Hi, I’m currently 8 sessions into 15 of radiotherapy for my left breast, 26mm ductal cancer with the sentinel node affected, but not the second out of the two they removed. My ultrasound suggested my nodes were clear. I wasn’t given the option of full node clearance. I was told that because of the involvement of the sentinel node that radiotherapy would be extended to cover my lymph nodes. I do believe, though not sure, that the risk of lymphodeoma is slightly lower with radiotherapy than with full clearance. So that is what I am undergoing now. What I didn’t realise until I had my first review after 5 sessions, was exactly where they direct the radiotherapy for the lymph nodes. I somehow thought it was under the arm around the area if the scar from the node testing. But I’m told it’s actually just below the collar bone, and I was advised the cream the back area as far as I could reach, as they direct beams from behind. I certainly seem to spend at least 20 mins in my session, with the machines moving around and blasting from several different directions.
So far I am pleased to say that I have not noticed much effect, though just a glimmer of a faint rash appearing. The tiredness is more to do with all the travelling involved I think. Hope that helps.
That’s a tough call to make. My consultant didn't give me the option - he did a full axillary clearance along with the full mastectomy because all 3 biopsies of the sentinel node were positive and he made the right call, as 19 of the 21 nodes were infected. I too had had a clear ultrasound but I suspect it was a lazy one because another radiologist with a different approach came back with three areas of cancer in one breast. Then I had chemo, then radiotherapy (but not of the armpit. I did wonder why but now I understand).
I thought I’d alert you to possible downsides to axillary clearance. Inevitably there is nerve damage and you can find yourself with numbness of the upper arm. Mine is only just coming to life again after 11 months. Cording is a very common problem and I have to say that, if it’s not kept at bay or under control with daily and repeated exercise, it’s pretty painful. As Chicks said, there’s also the risk of lymphodoema, which I’ve escaped so far, so you need to ‘massage’ the arm regularly into another lymph system, like in your back or chest. Then of course you have to be hyper-alert to any injury, insect bite or whatever and no injections or cannulas on that arm/hand. On the HUGE plus side, the risk of cancer is removed and the source of any spread is gone for good. Personally I think the discomfort is outweighed by that.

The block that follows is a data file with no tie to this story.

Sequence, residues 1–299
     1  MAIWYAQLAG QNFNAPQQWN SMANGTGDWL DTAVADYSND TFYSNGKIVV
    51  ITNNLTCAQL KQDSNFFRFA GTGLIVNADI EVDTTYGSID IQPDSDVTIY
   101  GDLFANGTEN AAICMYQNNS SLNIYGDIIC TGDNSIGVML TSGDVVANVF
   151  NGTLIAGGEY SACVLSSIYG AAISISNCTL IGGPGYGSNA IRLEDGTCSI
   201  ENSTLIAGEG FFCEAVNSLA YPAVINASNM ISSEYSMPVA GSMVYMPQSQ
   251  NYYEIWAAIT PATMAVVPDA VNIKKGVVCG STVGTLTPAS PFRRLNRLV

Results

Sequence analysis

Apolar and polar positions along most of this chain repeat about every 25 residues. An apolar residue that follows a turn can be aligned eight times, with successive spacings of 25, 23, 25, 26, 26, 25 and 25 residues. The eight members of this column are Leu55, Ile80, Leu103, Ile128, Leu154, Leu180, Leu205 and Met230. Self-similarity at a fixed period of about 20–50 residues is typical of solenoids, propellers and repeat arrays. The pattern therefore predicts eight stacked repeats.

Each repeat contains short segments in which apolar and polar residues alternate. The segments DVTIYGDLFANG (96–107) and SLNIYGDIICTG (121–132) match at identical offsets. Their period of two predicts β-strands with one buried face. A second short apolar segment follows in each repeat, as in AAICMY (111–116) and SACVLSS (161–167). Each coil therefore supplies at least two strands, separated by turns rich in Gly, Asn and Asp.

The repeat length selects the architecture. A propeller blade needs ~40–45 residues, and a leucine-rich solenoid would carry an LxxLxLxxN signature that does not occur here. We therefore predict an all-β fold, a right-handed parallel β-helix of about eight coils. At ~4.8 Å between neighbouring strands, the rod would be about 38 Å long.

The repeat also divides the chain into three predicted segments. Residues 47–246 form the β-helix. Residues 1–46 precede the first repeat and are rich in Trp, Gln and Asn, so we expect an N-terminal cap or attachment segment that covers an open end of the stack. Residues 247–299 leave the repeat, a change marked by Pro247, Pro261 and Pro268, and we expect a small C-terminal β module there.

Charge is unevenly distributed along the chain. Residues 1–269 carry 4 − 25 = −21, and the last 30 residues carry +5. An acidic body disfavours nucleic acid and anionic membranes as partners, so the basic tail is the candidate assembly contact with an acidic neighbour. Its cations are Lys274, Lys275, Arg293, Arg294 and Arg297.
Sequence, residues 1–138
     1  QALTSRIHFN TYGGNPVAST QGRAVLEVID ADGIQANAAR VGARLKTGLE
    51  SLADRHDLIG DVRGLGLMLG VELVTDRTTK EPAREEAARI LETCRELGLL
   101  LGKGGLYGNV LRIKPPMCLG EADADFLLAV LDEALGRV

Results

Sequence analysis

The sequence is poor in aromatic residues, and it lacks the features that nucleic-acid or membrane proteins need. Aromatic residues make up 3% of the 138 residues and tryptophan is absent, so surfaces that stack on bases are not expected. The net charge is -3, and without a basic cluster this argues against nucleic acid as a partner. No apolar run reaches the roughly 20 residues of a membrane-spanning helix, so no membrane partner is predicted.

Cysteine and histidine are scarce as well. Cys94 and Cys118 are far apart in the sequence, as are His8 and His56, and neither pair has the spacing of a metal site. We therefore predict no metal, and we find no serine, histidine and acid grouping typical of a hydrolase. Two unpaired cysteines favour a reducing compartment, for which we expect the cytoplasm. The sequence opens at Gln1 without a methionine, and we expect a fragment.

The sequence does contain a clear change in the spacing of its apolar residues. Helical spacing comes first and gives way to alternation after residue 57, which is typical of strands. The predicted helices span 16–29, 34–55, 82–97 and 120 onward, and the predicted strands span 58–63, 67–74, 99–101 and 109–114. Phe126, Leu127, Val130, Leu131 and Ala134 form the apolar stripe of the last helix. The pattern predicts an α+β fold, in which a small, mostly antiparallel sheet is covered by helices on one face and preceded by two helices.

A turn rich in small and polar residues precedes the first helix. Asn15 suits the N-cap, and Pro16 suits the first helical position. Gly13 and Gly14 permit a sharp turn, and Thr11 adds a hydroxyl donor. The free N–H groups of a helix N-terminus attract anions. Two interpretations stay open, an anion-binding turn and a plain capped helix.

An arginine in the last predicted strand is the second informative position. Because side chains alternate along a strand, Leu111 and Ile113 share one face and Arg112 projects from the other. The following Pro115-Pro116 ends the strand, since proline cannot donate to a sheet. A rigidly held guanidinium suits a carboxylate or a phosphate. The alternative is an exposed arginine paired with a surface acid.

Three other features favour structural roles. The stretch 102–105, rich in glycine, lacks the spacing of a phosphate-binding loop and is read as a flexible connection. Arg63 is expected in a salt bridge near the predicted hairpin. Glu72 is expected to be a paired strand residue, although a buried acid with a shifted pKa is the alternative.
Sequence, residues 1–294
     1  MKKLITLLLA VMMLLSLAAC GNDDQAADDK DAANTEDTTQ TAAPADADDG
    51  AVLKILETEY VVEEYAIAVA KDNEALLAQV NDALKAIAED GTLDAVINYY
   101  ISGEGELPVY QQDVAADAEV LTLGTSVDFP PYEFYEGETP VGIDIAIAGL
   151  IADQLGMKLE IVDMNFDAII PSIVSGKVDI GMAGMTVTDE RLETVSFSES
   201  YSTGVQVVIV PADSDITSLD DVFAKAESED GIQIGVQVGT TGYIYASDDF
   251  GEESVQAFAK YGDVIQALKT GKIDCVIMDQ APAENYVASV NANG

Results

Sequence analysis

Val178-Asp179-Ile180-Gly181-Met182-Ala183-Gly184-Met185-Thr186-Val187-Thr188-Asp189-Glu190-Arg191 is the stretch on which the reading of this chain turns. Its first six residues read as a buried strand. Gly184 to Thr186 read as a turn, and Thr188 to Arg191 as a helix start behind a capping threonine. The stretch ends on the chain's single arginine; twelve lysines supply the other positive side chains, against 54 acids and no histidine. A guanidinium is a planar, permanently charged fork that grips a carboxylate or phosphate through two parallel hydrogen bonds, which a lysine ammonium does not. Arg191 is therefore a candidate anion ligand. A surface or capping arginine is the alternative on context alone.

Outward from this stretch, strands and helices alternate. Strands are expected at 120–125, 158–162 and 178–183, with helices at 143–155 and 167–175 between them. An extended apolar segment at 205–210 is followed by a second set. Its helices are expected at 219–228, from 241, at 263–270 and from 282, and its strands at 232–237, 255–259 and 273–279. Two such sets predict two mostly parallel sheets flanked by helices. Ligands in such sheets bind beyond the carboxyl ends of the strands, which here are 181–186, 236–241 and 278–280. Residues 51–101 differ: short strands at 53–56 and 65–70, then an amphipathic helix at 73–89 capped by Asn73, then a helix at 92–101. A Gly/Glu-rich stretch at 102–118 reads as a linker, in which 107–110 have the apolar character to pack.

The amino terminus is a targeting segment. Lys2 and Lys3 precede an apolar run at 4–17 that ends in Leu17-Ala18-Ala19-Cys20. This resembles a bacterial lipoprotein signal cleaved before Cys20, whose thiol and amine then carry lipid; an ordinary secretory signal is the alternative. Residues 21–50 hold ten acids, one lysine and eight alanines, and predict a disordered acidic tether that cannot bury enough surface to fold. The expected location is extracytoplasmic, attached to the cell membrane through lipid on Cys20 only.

Radiotherapy is considered the best treatment against active cancer cells (according to my oncologist). You may be lucky like me and barely notice the treatment. You may be unlucky like a few and practically be turned into a cinder. You could do research but a lot depends on the type of person you are. I would have been scared witless by what I found out because I don't have specialist understanding to put it in context.
Could you ask what the oncologist recommends and not allowed him/her to prevaricate? They have the specialist knowledge after all. It seems unfair to put such a huge decision on you without a lot of information to help you decide. Good luck regardless,
I have not experienced this but just wanted to acknowledge the dilemma for you. I hope someone comes along who has more knowledge and /or direct experience. You may want to consider the "someone like me" Service or have a chat with the nurses.
I so hate it when we are asked to decide things if we do not have adequate info. So I hope they have given you the appropriate info listed in a Pros and Cons style/easily digestible format. I think there have been trials on this (AMOROS but my memory plays tricks.... Of course I blame it on the hormone treatment ) and a number of meta-analyses so I am sure they could give you a helpful summary if not already done. I think the main trials gave the edge to the radiotherapy treatment with reduced cases of Lymphoedema being a positive as well as reduced infection etc. However, increased radiotherapy carries it's own risks. I suppose if it was me I would want to know the quantified risks and benefits of each treatment.
Best wishes to you Ruthie and I hope you reach a decision you are comfortable with,
Chick 🐣 x
Hi, I have to decide between full node clearance or to extend rads to include armpit. Had anyone gone down the radiotherapy route?
The u/s at diagnosis showed no involvement but surgery 10 days later had 3/4 involved, 1 macro 2 Micro mets.
ive heard of plenty of people who’ve had surgery but none who chose radiotherapy, (apart from anecdotally and they had recurrences)
any advice/opinions would be very very gratefully received x